On using Bootstrap...

Bootstrap's great, especially for rapid prototyping. However, I wouldn't get too hung up on frameworks. Bootstrap is very opinionated and I find myself spending a lot of time overriding styles that I could have just created from scratch. I agree with some of the other answers that making a style guide that defines how elements should be constructed will be much more helpful, especially if you aren't already working with Bootstrap and aren't familiar with it's way of styling things.

If you do go with Bootstrap, spend some time making a custom 'theme' that fits the mocks you create. There's a great Customize page on getbootstrap.com where you can adjust all the values you need and then out a custom theme to work with. You'll need to know a little bit about CSS values but you won't have to learn to write CSS so it's a lot quicker. Also, if your dev already works with Bootstrap, nothing has to change. He just swaps out your file with the default one.

Either way, just remember their are lots of good tools and Bootstrap is just one of them. If you're going to do a lot of work for web (or even mobile) you'll have to at least be familiar with how they work. You don't have to take a class or anything but learn the basic of CSS, and maybe a preprocessor like Sass or LESS. It will help you understanding the way your visual components actually get built and you'll be thinking about that as you make design choices later on.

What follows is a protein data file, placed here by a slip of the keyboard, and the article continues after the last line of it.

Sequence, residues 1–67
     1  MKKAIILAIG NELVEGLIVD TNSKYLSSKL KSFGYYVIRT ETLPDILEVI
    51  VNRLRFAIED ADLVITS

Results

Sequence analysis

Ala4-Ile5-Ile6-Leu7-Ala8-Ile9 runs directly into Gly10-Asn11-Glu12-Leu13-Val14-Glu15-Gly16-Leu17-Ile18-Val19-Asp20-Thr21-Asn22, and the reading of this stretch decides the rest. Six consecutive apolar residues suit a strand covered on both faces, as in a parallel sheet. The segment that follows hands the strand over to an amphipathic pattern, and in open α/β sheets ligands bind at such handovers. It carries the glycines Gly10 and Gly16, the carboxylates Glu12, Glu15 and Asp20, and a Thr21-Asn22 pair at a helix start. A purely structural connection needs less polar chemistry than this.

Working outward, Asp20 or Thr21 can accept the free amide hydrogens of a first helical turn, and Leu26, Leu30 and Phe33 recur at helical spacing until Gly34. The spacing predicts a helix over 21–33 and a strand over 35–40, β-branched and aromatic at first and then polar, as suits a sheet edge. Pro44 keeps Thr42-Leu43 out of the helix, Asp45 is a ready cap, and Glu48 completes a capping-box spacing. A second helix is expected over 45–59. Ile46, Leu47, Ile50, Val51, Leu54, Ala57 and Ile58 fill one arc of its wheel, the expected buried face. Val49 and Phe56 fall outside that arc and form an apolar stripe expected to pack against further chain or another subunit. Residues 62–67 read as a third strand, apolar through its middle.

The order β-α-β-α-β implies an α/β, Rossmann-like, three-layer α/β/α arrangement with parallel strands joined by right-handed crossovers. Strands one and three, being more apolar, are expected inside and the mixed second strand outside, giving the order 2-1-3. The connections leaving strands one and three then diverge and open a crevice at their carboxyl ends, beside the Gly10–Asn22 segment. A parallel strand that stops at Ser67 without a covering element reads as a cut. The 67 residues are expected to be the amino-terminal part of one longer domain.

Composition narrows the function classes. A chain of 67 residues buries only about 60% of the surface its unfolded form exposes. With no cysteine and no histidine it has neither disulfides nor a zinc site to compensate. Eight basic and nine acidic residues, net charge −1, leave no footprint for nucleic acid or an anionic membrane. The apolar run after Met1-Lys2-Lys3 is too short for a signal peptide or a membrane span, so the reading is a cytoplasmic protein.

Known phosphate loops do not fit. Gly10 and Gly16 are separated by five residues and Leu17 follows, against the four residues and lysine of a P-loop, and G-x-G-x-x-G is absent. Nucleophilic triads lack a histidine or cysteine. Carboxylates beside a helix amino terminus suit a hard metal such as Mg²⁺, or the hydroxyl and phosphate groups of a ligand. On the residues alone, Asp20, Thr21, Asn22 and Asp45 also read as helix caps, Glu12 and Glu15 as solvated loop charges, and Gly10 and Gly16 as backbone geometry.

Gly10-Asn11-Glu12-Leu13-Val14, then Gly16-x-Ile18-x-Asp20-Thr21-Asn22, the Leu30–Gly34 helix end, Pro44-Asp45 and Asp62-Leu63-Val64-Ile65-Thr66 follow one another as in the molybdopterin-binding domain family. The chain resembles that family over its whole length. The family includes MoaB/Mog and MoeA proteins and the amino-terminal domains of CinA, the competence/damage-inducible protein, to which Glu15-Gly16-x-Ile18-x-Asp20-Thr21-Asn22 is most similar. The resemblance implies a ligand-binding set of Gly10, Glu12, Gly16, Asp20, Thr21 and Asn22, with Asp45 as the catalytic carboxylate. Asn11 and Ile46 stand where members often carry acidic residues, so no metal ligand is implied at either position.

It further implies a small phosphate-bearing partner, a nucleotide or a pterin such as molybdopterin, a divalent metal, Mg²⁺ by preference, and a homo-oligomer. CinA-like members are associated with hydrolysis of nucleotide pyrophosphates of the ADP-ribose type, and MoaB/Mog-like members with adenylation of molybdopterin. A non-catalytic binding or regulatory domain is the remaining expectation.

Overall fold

How can I plan my grid for both the mobile version and the desktop using Bootstrap? Should I use Photoshop combined with another software?

You need to learn CSS and how Bootstrap works to design for a responsive website. This isn't something you do with Photoshop.

In fact, if you don't know CSS/Bootstrap, Photoshop will get in your way, as you will start designing things that work just fine in the logic of a mock-up, but will be a huge chore to actually implement in usable markup.

If you don't know CSS/Bootstrap, I suggest you get with someone that does and have them help you as you go along with your mockups to catch any big gotchas for you.


I perceive two questions here:

  1. I want to design a Bootstrap 3 site, where do I start?
  2. Should I be purchasing "designer" buttons and flair for a site I'm building?

A couple of pointers:

  1. I personally recommend the experience gained by starting with your Photoshop or Illustrator mockup, then coding by hand in HTML and CSS. Still, there's no shame or huge disadvantage starting with Bootstrap 3 - it's built to get websites off the ground fast. Bootstrap itself has no official supported .psd templates, but a quick Google sesh will find you plenty of shared resources such as This Link.
  2. Debatable. A designer worked hard to create something of value for you to make your website look pretty. Just buy it and use it and make them proud.